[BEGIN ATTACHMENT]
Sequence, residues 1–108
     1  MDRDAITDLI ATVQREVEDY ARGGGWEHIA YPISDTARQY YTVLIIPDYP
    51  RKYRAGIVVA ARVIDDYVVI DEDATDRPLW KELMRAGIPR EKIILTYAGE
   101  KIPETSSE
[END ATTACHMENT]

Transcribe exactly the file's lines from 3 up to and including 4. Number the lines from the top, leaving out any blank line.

    51  RKYRAGIVVA ARVIDDYVVI DEDATDRPLW KELMRAGIPR EKIILTYAGE
   101  KIPETSSE